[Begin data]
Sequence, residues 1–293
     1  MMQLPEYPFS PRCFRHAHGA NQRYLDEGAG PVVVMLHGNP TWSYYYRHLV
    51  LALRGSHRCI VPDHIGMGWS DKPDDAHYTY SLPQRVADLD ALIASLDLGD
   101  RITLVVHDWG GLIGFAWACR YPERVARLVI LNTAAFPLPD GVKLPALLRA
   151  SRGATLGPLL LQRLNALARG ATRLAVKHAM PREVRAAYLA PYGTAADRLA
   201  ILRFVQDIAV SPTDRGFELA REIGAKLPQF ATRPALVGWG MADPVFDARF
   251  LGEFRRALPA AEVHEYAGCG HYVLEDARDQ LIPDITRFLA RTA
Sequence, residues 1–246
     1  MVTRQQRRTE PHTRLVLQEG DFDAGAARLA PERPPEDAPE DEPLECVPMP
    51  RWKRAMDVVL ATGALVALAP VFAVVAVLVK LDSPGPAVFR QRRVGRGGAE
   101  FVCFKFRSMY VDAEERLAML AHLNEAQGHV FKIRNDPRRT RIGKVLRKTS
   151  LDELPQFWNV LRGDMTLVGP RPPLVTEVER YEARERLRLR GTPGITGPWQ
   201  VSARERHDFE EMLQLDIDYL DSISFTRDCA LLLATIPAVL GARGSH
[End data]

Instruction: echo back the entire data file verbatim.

Sequence, residues 1–293
     1  MMQLPEYPFS PRCFRHAHGA NQRYLDEGAG PVVVMLHGNP TWSYYYRHLV
    51  LALRGSHRCI VPDHIGMGWS DKPDDAHYTY SLPQRVADLD ALIASLDLGD
   101  RITLVVHDWG GLIGFAWACR YPERVARLVI LNTAAFPLPD GVKLPALLRA
   151  SRGATLGPLL LQRLNALARG ATRLAVKHAM PREVRAAYLA PYGTAADRLA
   201  ILRFVQDIAV SPTDRGFELA REIGAKLPQF ATRPALVGWG MADPVFDARF
   251  LGEFRRALPA AEVHEYAGCG HYVLEDARDQ LIPDITRFLA RTA
Sequence, residues 1–246
     1  MVTRQQRRTE PHTRLVLQEG DFDAGAARLA PERPPEDAPE DEPLECVPMP
    51  RWKRAMDVVL ATGALVALAP VFAVVAVLVK LDSPGPAVFR QRRVGRGGAE
   101  FVCFKFRSMY VDAEERLAML AHLNEAQGHV FKIRNDPRRT RIGKVLRKTS
   151  LDELPQFWNV LRGDMTLVGP RPPLVTEVER YEARERLRLR GTPGITGPWQ
   201  VSARERHDFE EMLQLDIDYL DSISFTRDCA LLLATIPAVL GARGSH